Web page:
Time to think about the future of West Papua


Early this month in the year of 2007, a very small number of West Papuan still try to celebrate the 46th anniversary of its declaration of independence, a document that has never been recognized by any member of the international community. Yet every year separatists in the Indonesian province of West Papua raise their rebel flag and engage in traditional celebrations.

This year’s celebration were prompted with unclear and mixed feeling and hope because there is no sincerity among Papuan separatist, each party just wanted to targeting a specific aim of political gain or economic motive. From the side of Papuan local government, there is growing concern that militant separatists will be emboldened the celebration within the territory of Indonesia and in international for such as Europe and Australia. Even though the situation could not become explosive, the province of West Papua is under military guard and in recent weeks there have been a rising number of attacks from separatist.
Indonesia’s vast archipelago since 1998 has suffered escalating ethnic and religious violence, including the act of terrorism and separatism. To stabilize the situation, the government of Indonesia has offered regional autonomy to restive provinces like West Papua and to Aceh on the island of Sumatra. The power-sharing plan would decentralize authority and enable the provinces to exercise greater administrative control. It would also allow them to retain a larger share of the profits from their natural resources.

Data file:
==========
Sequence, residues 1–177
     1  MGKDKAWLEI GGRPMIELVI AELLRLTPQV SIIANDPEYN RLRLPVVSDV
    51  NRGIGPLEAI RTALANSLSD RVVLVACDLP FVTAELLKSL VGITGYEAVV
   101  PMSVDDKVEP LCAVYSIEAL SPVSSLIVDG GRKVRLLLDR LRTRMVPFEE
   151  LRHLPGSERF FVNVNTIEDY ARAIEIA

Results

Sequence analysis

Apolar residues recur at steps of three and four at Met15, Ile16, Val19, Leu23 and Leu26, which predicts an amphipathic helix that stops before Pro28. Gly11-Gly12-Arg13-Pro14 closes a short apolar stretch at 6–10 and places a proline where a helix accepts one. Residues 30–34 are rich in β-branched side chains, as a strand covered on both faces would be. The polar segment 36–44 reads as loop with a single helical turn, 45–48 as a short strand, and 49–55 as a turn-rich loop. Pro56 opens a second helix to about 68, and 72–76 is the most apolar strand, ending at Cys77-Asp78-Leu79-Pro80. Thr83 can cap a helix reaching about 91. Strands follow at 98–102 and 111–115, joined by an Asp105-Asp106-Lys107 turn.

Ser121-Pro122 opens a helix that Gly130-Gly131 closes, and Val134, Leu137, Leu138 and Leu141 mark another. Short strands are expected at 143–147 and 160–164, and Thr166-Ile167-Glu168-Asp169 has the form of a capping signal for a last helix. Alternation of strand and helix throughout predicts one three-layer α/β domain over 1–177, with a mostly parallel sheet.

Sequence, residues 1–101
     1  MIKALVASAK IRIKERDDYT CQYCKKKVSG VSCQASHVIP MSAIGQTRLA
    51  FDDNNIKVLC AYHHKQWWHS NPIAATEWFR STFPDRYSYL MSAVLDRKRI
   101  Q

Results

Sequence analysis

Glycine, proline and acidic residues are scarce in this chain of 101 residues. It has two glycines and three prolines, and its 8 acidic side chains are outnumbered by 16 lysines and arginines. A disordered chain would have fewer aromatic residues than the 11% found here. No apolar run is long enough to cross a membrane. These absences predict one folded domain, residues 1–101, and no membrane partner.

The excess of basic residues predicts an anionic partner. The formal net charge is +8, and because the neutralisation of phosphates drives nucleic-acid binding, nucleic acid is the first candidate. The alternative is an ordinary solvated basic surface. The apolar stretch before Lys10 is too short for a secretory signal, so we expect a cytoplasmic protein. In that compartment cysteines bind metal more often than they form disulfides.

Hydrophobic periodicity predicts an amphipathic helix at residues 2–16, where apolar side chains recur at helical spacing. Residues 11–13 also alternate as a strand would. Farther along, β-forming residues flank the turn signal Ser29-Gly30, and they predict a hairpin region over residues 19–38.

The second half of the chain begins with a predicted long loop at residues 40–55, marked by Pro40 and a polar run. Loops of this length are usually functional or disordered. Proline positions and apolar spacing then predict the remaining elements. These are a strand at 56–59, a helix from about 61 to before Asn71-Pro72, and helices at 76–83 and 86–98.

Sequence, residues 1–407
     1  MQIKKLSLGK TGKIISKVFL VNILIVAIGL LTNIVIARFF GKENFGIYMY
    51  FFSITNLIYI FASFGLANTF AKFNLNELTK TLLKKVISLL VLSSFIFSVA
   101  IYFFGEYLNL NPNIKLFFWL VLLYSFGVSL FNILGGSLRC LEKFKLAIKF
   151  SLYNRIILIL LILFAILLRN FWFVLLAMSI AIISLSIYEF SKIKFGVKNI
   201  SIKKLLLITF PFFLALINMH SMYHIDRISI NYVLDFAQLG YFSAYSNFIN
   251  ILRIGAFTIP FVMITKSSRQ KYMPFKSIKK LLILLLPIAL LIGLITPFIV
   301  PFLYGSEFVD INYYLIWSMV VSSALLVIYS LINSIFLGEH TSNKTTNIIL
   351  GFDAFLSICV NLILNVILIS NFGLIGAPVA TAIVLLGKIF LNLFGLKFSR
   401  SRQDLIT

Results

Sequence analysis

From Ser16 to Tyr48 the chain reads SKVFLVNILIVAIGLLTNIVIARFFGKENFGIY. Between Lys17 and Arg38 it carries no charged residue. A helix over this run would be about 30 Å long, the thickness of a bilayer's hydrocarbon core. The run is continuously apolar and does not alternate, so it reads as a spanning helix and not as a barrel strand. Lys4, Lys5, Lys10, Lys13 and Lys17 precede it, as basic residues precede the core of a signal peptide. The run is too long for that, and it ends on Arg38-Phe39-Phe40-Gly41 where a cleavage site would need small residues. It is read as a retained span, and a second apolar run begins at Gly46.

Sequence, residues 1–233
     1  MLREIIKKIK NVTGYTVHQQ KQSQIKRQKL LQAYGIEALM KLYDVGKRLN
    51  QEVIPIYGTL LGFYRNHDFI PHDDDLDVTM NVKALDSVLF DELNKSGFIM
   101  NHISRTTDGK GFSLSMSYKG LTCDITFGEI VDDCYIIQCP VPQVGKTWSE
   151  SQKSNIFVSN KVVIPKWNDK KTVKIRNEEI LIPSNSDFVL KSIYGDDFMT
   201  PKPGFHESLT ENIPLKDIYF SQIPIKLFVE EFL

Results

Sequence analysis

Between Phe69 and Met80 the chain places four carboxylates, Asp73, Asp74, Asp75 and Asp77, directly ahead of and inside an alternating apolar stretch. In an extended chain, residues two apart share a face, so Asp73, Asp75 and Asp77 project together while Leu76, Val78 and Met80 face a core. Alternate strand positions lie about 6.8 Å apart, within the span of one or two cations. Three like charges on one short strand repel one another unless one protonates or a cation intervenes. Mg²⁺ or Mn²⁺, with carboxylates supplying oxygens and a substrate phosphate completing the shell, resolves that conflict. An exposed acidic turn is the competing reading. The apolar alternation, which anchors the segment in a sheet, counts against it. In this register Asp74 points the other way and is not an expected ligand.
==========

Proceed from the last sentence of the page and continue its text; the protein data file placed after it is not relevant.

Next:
In the era of Abdurrahman Wahid presidency, regarding West Papua, Wahid has proposed to rename the province back to West Papua from Irian Jaya, while during Megawati presidency, she has proposed return as much as 80% of revenues from copper, gold, timber and other resources to local people. She had visited the province in during her period of presidency to convince Papuans to accept a new autonomy law.

Like the rest of Indonesia, West Papua was colonized by the Dutch. Some non representative leaders declared its independence in 1961, two years before the Dutch departed without any single international recognition. Though the Dutch were willing to grant independence, Papuans ultimately acceded to Indonesia via a United Nations-supervised referendum in 1969. Separatist leaders maintain that this referendum was flawed because only tribal leaders were allowed to vote.

Since 1998, an active Papuan pro-independence movement has emerged as a byproduct of Indonesia’s overall democratization. Some Papuans believe that only independence can help them achieve power control over the land of Papua. Indonesia with its principle of unity within diversity do not allow any discrimination. Papuan leaders with a high level capability in governance can become a Member of Parliament and event member of Indonesian National Cabinet. As Melanesians, Papuans contribute to the development of Indonesian identity as a plural society.

Within the democratic Indonesia, it is the right time to build West Papua with a comprehensive and transparent program of development. It is a challenging time for all Papuans to administer autonomy and distribute the proceeds from natural-resource sharing with a fair and open mechanism.

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